The praise that we offer to God is not simply an idea. It is a sound. And sound is a physical event. Just as bread and wine become the Body and Blood of Christ, so, too, does God inhabit our praise. We do not communicate telepathically, no matter how many might think it superior and possible. The Second Person of the Trinity is called the “Word of the Father.” The Logos [Word] is not a mental concept within the mind of the Father. He is Word. In Hebrew, He is Davar. And interestingly, the word “Davar” can mean both “word” and “action.” This notion of word is common and important in the Scriptures:
“For as the rain comes down, and the snow from heaven, And do not return there, but water the earth, making it bring forth and bud, giving seed to the sower and bread to the eater, so shall My word be that goes forth from My mouth; it shall not return to Me empty, but shall accomplish what I please, and prosper in the purpose for which I sent it. (Isa 55:10-11)
For the word of God is living and powerful, and sharper than any two-edged sword, piercing even to the division of soul and spirit, and of joints and marrow, and is a discerner of the thoughts and intents of the heart. (Heb 4:12)
Our modern habits of mind immediately read such passages and translate them into the terms of mental imagination and psychological function. This is deeply contrary to the understanding of Scripture and the traditional Christian treatment. In Ancient Israel (and generally in modern Jewish practice as well), the Divine Name (YHVH) is never spoken. It may be written (clearly the concept can be thought), but the physical expression of the Name with the voice is forbidden. Instead, the word for Lord (Adonai), is voiced. This is not superstition, but a recognition of the substantial, sacramental character of the Word.
In a similar manner, our voiced praise is itself a sacrament. It is united with God – “He inhabits the praises of Israel.”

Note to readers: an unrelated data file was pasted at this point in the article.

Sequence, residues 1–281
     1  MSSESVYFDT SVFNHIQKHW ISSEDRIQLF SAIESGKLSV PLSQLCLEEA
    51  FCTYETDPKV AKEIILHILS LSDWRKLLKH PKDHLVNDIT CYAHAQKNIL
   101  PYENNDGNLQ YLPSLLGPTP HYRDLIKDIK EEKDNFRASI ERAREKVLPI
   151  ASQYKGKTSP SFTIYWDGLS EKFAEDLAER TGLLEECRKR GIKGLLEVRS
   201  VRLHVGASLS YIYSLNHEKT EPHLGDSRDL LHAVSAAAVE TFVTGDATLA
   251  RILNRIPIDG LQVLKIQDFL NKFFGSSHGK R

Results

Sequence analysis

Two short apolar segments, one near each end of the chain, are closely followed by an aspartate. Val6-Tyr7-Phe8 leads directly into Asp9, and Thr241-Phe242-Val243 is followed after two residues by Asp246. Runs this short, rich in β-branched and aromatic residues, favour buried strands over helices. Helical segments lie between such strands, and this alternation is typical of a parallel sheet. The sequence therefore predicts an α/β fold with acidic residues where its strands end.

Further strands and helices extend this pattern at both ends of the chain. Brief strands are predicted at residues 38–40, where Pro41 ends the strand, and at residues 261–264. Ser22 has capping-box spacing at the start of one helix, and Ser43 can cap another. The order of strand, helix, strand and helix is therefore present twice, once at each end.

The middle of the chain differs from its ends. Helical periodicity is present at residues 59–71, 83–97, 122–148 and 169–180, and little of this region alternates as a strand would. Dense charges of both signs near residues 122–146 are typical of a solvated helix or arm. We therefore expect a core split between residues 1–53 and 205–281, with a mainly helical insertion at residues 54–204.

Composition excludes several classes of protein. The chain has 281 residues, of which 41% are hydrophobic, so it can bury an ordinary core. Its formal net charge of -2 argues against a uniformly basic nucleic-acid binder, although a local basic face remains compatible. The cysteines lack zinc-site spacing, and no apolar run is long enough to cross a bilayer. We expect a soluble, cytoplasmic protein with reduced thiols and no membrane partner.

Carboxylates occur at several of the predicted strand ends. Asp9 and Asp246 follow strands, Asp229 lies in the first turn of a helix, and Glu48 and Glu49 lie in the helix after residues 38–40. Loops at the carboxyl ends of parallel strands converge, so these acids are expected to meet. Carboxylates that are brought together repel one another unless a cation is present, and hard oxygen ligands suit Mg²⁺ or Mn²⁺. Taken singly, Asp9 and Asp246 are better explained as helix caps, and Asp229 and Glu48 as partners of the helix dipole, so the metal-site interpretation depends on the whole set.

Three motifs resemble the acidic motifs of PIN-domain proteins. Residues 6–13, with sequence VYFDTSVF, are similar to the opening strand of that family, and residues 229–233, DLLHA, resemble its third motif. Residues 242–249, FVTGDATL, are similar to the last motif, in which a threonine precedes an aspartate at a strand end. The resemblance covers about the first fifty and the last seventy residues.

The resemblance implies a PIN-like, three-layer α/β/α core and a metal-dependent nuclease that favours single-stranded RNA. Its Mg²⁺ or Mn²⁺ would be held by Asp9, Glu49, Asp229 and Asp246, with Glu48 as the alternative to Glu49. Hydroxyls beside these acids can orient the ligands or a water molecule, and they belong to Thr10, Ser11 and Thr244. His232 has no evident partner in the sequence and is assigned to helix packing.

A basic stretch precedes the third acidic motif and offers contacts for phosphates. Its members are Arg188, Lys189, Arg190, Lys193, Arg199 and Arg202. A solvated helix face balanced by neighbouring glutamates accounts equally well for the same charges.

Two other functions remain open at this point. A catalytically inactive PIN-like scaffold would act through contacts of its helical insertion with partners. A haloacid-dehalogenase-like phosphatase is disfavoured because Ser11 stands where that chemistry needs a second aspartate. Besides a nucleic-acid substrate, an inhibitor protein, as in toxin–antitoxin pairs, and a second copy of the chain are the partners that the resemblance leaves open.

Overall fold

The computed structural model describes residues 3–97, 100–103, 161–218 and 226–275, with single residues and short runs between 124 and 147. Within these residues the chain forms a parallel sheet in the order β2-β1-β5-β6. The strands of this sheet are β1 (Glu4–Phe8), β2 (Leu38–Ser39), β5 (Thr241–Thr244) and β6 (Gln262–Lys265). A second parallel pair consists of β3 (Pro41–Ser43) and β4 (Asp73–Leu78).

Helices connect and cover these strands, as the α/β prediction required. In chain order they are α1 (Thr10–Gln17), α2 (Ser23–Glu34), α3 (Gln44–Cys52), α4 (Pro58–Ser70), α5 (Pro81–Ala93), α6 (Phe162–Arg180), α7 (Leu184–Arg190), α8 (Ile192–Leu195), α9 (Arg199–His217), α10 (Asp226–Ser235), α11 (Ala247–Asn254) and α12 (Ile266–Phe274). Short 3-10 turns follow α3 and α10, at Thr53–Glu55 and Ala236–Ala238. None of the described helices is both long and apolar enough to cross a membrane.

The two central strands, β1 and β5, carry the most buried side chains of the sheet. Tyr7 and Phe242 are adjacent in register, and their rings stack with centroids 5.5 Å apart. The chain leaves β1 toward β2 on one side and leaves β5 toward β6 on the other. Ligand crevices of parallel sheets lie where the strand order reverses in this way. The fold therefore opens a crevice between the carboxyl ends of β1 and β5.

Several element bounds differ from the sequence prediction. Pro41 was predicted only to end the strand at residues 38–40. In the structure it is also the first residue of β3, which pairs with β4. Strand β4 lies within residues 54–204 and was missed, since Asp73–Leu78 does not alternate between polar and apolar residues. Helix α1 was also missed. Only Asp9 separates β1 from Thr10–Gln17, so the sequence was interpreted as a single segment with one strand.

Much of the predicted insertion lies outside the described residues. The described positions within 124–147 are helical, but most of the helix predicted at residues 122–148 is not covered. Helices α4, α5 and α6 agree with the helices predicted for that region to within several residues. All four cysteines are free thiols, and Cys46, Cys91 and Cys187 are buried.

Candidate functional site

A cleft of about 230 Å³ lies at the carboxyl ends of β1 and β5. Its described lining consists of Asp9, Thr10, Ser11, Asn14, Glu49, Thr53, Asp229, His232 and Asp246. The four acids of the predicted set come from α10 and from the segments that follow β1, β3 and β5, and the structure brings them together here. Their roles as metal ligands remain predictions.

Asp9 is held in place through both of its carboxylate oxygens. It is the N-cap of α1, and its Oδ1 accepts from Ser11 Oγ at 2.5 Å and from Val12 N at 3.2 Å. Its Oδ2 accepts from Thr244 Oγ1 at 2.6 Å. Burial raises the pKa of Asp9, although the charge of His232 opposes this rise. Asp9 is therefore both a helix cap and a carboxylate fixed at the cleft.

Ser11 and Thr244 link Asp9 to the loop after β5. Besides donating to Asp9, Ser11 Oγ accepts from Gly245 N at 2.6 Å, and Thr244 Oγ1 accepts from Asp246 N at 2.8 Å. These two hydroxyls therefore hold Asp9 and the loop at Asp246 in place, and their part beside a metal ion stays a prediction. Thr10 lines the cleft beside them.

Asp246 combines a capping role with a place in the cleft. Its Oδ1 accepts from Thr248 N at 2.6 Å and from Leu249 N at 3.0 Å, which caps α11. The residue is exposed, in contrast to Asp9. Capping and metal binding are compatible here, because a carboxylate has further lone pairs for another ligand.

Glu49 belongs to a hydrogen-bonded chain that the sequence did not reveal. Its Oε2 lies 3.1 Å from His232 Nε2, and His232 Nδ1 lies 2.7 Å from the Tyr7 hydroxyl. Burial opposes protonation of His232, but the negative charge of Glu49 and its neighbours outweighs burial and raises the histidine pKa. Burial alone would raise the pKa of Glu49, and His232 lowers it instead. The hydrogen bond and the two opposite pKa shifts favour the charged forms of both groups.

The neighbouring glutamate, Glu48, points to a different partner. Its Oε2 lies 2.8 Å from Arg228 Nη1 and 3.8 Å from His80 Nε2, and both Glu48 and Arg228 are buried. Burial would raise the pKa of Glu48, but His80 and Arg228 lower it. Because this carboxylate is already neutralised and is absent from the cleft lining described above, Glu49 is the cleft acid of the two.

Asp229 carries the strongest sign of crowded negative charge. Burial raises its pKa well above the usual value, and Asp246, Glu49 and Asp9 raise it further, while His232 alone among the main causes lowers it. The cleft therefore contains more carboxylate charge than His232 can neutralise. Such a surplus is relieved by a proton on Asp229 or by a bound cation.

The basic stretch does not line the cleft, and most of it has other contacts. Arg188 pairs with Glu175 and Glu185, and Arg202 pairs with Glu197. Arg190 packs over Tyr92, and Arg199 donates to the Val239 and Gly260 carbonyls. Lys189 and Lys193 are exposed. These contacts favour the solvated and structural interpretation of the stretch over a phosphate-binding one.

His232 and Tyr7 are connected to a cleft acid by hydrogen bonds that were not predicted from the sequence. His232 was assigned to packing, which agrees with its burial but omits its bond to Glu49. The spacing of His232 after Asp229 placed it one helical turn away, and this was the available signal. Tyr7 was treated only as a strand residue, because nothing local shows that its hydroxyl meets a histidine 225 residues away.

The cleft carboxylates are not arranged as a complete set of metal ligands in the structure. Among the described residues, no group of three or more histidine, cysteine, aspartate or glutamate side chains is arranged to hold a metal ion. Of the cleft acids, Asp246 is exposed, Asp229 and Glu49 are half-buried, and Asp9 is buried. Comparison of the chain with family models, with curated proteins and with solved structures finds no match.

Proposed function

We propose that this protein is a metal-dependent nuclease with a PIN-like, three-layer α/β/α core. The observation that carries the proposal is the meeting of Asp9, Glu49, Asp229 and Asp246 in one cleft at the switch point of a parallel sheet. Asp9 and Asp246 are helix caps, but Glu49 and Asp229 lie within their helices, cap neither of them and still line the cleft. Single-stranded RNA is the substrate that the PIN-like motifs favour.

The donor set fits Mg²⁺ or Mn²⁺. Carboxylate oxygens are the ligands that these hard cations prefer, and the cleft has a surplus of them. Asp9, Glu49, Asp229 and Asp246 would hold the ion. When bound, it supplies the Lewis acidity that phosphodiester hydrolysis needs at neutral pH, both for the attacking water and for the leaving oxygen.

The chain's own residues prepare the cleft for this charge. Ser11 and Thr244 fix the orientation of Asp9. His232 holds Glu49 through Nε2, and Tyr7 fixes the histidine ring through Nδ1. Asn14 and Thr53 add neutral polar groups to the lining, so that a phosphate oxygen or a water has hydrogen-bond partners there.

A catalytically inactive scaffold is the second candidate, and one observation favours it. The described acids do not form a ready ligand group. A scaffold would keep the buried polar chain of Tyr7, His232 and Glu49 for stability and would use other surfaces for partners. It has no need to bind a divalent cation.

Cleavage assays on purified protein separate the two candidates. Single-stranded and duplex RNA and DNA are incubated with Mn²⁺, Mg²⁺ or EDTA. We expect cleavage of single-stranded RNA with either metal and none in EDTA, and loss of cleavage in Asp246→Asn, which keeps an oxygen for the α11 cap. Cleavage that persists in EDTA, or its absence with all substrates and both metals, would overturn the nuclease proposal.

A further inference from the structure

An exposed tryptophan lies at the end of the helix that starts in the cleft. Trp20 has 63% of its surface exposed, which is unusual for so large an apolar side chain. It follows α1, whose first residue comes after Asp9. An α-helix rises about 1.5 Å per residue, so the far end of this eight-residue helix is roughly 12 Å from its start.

The psychologizing of relational realities is a relatively modern phenomenon. At its worst, it has created the current notion that “my reality” is “whatever I feel.” But such notions are only the most recent development in a long process of substituting psychological abstractions for true ontological realities. Recovering the true nature of reality is essential to a healthy Christian spiritual life.
It is interesting that the Scriptures put as much emphasis on truth-telling as they do. The issue is not a moral abstraction (“don’t tell lies because it’s wrong”). Rather, speaking a lie is an attempt to create a false reality, to put forward a creation that competes with the true creation of the good God. The damage of a lie is greater than its mere psychological effects. It is an “anti-sacrament,” an attempt to instantiate hell in our midst.
The Divine Liturgy is easily the most profound example of the substance of praise. The service must be understood as offering and sacrifice (for so it is self-described throughout).
We also offer to You this reasonable worship: for the whole world, for the holy, catholic and apostolic Church;
For the precious gifts offered and sanctified…that our God, Who loves mankind, receiving them upon His holy, heavenly, and ideal altar as a sweet spiritual fragrance, will send down upon us in turn His divine grace and the gift of the Holy Spirit…